And as Jim Milliot would report at Publishers Weekly, predictions of a 7,000-person turnout “seemed to predict a best-case scenario. When the event opened, approximately half the vendor tables at the book fair were unoccupied, traffic at the registration and book fair was light, and attendees complained that the online scheduling tool lagged behind in noting the numerous event cancellations.”
Worst of all, perhaps, AWP lost its co-executive director, Diane Zinna, who resigned over the decision.
What Are We Learning?
Just before press time, Publishing Perspectives had a chance to interview Margaret Heffernan, the Texas-born, BBC-bred producer and TED Talker on contemporary contexts. Her new book Uncharted: How to Map the Future is just out from Simon & Schuster UK, and is scheduled to release on September 8 in the States, also from S&S. Why they’re holding it until September in New York is a mystery, because Heffernan has an amazingly timely chapter on epidemics and the rigors of developing vaccines. (Look at Chapter Ten if you can grab a copy of the book.)
“Our drinks receptions, our panel discussions, our awards ceremonies in which we hand each other prizes—these will all be waiting afterward. Right now, the world needs us to look up, to look out, and to ask how we can pitch in and help.”
What she’s getting at in Uncharted—we’ll have a full interview at Publishing Perspectives—is that being “in a bubble” doesn’t just apply to how we selectively acknowledge and deny political positions. It also applies to a peculiar modern mentality in which we convince ourselves that we’ve evolved beyond ancient terrors and nature’s grimmest disruptions.
Quite the contrary, we’re undergoing what the World Health Organization finally has credentialed as a pandemic of frightening dimensions.
A plague of sorts walks among us. And as Camus would want us to remember, we, of all people, the storytellers, should be the ones best suited to grasp the gravity of so awful a moment.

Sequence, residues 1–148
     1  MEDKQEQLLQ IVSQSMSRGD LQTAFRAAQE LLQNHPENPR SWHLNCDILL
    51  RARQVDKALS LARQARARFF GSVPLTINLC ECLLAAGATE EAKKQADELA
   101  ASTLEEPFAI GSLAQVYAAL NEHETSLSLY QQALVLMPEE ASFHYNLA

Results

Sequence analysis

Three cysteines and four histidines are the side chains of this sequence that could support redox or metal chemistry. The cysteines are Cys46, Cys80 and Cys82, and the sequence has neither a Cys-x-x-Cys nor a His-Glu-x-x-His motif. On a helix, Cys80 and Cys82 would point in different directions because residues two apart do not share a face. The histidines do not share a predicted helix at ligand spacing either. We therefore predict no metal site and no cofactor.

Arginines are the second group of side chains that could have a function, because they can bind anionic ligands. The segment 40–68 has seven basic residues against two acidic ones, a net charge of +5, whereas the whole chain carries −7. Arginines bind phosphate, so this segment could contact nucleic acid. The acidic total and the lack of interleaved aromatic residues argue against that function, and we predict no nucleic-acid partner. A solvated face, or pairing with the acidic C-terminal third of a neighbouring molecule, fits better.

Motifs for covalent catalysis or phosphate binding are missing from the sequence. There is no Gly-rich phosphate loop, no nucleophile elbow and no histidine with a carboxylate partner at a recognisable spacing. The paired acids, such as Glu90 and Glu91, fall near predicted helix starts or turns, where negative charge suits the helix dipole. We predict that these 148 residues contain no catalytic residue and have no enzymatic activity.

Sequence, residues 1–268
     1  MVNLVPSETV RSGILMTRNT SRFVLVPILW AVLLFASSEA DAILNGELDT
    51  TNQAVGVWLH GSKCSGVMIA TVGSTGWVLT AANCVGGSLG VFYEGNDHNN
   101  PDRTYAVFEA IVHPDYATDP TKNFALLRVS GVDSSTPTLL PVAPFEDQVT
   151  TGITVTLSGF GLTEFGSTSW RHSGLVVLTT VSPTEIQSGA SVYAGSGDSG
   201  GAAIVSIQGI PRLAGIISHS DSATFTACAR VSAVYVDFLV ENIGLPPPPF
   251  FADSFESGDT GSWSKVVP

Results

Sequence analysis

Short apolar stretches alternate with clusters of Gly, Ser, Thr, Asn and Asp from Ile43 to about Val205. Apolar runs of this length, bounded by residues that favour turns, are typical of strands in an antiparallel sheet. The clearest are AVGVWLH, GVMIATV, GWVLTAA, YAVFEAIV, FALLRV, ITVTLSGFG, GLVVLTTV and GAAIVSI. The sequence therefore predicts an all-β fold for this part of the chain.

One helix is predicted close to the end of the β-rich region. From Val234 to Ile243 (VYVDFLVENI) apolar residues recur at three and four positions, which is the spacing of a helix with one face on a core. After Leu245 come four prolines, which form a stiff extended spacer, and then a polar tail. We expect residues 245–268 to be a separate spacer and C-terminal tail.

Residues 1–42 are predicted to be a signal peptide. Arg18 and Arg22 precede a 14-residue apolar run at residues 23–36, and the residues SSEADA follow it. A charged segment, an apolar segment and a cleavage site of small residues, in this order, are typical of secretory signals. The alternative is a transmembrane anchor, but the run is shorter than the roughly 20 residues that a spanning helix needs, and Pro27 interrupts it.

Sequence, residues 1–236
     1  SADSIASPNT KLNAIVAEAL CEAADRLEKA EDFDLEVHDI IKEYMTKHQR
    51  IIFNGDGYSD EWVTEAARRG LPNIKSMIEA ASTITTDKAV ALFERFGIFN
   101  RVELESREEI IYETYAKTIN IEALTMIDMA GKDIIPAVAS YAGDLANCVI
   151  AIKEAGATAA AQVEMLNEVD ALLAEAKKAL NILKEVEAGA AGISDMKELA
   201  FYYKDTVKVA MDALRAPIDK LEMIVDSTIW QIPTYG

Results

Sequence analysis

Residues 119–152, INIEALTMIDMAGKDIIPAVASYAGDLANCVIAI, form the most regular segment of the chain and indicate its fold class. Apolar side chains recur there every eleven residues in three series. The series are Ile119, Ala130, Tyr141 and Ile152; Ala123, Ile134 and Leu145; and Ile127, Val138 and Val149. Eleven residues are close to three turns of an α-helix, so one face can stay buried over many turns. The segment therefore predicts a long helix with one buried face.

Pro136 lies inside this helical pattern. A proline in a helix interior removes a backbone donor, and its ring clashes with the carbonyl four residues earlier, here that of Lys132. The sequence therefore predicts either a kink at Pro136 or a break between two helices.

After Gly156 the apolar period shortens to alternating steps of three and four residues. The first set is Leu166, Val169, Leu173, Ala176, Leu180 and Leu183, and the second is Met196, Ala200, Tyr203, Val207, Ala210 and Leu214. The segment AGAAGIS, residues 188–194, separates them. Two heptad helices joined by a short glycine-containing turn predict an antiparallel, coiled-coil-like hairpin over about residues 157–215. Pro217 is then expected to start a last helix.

We all should work—as Kobo and Mondadori are doing—to put our best creativity into the hands of a world that needs it.
After all, Stefano Mauri, an icon among Italian publishers, told us from the now red-zoned Milan that a publishing event’s rights-trading center is “an epidemiologist’s nightmare.”
So it’s a time to listen—to Heffernan, to Mauri, to Tamblyn, and to our better natures. World publishing would do well to look the virus full in the face, unpack our suitcases for the duration, and ask what it is we have to offer those who are suffering most in the uncertainty and dread of a threat that our governments really may not be able to handle.
Our drinks receptions, our panel discussions, our awards ceremonies in which we hand each other prizes—these will all be waiting afterward. Right now, the world needs us to look up, to look out, and to ask how we can pitch in and help.
To insert a quick personal note that helps me look past my own little worries, when the United Nations posted me to Rome, I lived near the Trevi Fountain. And neither in the brightest daylight nor the deepest darkness was there anything less than a churning throng of tourists and locals there.
Now? One man’s footfalls echo in an empty piazza under a lockdown that a friend there tells me “feels so surreal, it’s like living in a Stephen King novel.”
What could possibly go wrong? … is happening now.